What’s Going On At Liverpool?

Photo: @LiverpoolFCW

When the Football Association finally confirmed that the Women’s Super League and Championship would be decided on ‘sporting merit’ it confirmed what many expected, Aston Villa’s promotion at the expense of Vicky Jepson’s Liverpool. 

Even before this news was confirmed, a host of players confirmed their departure from the reds. This included Courtney Sweetman-Kirk, Anke Preuß, Christie Murray and Fran Kitching. At this point, who knows how many more will follow suit? 

Liverpool fans will be forgiven for feeling like it is deja vu at their club. Two summers ago the reds saw an exodus which included Beth England, Gemma Bonner and Scotland international Caroline Weir. While seven others left to join Casey Stoney’s revolution at Manchester United – Siobhan Chamberlain, Alex Greenwood, Martha Harris, Naomi Hartley, Emily Ramsey, Lucy Roberts and Amy Turner. 

It will be worrying for all stakeholders to read the statements coming from the players about their departures. Courtney Sweetman-Kirk said it was “time for a change and a new environment that challenges me as a player and a person. Can’t wait to have a ball at my feet, a smile on my face and be excited to train everyday”. While Fran Kitching said “I can’t wait to be enjoying the game I love again and being truly happy. I am excited to start my next chapter and also enjoy an environment which tests both players and people in the right way and allows them to thrive.”

Photo: @LiverpoolFCW

All suggest that things aren’t right at the club and a lot must change if they are to come rise again and re-establish themselves as a WSL team.

The club and Jepson have both put out statements to reassure the fans but neither felt very reassuring. Jepson said, “Our attention is already turning to next season, to the hard work ahead and to bouncing back at the earliest opportunity. That won’t be easy – there will be plenty of hurdles along the way – and it will only happen with your support.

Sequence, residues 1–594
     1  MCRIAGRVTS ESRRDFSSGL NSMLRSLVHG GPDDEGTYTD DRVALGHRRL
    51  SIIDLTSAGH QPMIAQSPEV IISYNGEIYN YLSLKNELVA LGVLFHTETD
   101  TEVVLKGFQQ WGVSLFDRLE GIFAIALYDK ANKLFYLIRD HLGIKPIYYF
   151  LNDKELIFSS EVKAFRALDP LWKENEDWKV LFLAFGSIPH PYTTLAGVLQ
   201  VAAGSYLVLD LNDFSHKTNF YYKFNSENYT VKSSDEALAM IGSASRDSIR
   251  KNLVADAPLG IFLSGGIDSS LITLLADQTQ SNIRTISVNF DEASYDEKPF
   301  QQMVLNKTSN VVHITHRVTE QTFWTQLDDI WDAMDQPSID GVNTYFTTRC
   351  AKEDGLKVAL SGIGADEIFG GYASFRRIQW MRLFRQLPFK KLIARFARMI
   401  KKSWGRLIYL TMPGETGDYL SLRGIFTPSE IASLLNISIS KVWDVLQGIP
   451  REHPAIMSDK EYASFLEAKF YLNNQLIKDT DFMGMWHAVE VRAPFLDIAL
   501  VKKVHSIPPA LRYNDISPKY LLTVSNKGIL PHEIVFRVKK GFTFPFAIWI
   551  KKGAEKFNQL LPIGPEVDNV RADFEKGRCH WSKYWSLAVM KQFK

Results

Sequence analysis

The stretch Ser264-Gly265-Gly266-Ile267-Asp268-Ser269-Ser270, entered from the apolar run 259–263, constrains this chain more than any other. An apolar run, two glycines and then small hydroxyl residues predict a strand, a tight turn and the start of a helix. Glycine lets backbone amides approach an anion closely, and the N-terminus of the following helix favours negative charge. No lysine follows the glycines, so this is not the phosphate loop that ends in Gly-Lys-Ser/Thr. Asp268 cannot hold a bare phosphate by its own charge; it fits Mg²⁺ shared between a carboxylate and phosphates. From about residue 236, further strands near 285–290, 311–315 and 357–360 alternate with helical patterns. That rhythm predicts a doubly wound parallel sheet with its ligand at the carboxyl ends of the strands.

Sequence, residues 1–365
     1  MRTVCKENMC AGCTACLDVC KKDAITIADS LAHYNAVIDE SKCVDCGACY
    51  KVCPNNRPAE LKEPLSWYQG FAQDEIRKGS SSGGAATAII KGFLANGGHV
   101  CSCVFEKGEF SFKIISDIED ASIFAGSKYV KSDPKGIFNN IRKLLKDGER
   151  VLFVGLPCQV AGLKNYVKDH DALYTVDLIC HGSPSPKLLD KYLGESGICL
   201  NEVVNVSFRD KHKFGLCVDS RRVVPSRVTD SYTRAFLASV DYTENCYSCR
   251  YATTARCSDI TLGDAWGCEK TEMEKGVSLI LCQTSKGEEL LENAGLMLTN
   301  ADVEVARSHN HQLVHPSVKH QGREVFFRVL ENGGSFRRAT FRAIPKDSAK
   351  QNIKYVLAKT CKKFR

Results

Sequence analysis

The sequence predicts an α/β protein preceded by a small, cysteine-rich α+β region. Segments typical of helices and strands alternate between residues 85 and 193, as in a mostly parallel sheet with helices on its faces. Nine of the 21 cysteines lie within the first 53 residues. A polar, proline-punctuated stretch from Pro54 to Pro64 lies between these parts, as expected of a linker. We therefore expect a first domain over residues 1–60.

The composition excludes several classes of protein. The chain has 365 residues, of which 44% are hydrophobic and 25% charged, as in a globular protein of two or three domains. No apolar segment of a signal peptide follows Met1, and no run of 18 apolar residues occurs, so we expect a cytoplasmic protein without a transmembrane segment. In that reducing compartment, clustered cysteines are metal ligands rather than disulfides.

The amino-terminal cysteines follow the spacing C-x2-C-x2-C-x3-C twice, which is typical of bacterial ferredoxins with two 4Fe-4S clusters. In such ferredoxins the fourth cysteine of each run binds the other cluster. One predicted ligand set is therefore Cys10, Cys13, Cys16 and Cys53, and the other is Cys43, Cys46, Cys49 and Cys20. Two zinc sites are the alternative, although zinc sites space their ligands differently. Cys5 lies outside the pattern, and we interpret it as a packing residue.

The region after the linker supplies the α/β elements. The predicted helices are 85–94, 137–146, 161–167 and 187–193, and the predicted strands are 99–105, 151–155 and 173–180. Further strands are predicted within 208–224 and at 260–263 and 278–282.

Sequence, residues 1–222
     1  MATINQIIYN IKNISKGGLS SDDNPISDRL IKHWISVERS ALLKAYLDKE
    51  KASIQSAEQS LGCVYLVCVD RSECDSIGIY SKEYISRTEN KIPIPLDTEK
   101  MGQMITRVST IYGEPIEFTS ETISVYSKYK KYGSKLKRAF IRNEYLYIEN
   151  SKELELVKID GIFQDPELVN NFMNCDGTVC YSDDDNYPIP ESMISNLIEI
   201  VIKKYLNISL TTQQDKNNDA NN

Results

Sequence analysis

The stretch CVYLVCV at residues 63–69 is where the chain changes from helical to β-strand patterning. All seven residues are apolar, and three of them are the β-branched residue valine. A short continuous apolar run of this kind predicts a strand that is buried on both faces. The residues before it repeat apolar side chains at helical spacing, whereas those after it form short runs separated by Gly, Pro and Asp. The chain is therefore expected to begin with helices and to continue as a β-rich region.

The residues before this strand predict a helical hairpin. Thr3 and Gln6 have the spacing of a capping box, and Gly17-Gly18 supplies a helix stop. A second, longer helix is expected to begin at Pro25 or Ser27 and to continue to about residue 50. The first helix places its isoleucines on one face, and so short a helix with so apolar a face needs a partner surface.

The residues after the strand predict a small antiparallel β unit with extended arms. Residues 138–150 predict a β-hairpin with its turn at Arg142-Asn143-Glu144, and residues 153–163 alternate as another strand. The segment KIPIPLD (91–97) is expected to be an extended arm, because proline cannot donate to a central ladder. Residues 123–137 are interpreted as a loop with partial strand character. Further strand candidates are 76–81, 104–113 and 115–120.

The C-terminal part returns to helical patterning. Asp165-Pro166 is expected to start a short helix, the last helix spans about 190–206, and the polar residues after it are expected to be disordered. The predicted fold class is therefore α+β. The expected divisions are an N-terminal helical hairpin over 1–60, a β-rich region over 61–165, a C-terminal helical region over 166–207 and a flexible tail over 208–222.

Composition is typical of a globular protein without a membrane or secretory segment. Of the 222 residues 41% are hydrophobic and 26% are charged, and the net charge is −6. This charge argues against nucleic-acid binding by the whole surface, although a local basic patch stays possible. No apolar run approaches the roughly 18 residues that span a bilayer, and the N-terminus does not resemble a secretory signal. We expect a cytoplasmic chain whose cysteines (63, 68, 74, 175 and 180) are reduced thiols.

“Luckily we know that is something that we have always been able to depend on from both our match-going Reds and our supporters all around the globe. We need you now more than ever but together we will return our Women’s section to more successful times.” Not really the rousing words required to give fans confidence that the future is bright at the club.

Photo: @LiverpoolFCW

I don’t blame Jepson, her hands are clearly tied, she’s having to toe the party line and can’t be seen to rebel against her club or the FA’s decision, especially as the decision was correct. It has been a very poor season for Liverpool who massively regressed from last season’s comfortable mid-table finish. In the WSL they have only managed eight goals, including three draws and one win. With that sort of output then they were always in trouble. 

Everton finished below Liverpool last season but under Willie Kirk the club invested well and built a competitive team that will feel that despite their good finish they almost underachieved based on what those set of players are capable of.

If we are talking about the underinvestment at Liverpool then I am better off signposting you to Suzy Wrack’s latest piece in the Guardian which highlights the issues at the club better than I possibly could. She writes, “The real blame lies at the feet of disinterested owners who have allowed their women’s team to implode while their men’s team thrives. The mess of their women’s team is unlikely to tarnish that first shiny Premier League trophy in 30 years, but it should.”

When the season restarts the first team sheet put out by Jepson (or whoever is at the helm) will be very different to the one that started their final WSL game, a 4-2 defeat against former Liverpool boss Matt Beard’s West Ham United.

Whatever the squad looks like Liverpool must be heavy favourites to bounce straight back to the WSL. I find it hard to believe that the Liverpool hierarchy won’t look to invest and avoid the embarrassment of failing to secure promotion from the Championship. Aston Villa have shown that if you throw a bit of money at it and have a well-organised team on and off the pitch then those resources will see you over the line.

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